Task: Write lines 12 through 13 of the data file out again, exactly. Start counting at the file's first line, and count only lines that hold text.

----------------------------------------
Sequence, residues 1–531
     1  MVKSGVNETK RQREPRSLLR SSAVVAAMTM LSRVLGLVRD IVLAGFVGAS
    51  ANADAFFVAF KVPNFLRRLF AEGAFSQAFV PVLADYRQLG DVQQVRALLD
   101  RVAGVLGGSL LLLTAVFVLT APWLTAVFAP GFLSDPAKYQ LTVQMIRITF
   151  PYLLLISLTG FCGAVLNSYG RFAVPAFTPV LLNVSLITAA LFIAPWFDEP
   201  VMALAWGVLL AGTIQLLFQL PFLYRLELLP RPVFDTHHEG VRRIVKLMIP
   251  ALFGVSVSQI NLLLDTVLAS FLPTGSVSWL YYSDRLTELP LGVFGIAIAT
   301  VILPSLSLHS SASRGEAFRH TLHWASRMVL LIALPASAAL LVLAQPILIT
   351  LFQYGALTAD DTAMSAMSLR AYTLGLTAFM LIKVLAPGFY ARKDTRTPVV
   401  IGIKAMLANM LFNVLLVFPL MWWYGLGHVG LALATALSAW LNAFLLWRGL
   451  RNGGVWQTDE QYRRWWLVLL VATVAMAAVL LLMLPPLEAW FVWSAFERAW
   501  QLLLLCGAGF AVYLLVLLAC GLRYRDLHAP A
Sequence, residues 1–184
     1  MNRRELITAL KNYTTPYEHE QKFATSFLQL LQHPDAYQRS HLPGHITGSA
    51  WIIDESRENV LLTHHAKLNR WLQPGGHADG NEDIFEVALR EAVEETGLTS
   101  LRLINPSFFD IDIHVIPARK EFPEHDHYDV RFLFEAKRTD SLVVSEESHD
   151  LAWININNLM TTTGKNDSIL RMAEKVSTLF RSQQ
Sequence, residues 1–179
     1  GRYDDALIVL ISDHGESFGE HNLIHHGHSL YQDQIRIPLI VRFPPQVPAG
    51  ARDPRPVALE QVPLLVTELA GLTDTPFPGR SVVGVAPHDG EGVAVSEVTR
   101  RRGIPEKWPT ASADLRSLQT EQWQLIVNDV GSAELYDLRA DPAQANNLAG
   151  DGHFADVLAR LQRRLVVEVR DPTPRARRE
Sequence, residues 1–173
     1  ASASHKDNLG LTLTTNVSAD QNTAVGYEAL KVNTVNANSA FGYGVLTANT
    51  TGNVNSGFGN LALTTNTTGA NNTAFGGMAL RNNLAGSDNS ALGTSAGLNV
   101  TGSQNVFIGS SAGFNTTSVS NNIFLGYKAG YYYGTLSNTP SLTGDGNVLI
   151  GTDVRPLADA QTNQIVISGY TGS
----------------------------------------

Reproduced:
   501  QLLLLCGAGF AVYLLVLLAC GLRYRDLHAP A
Sequence, residues 1–184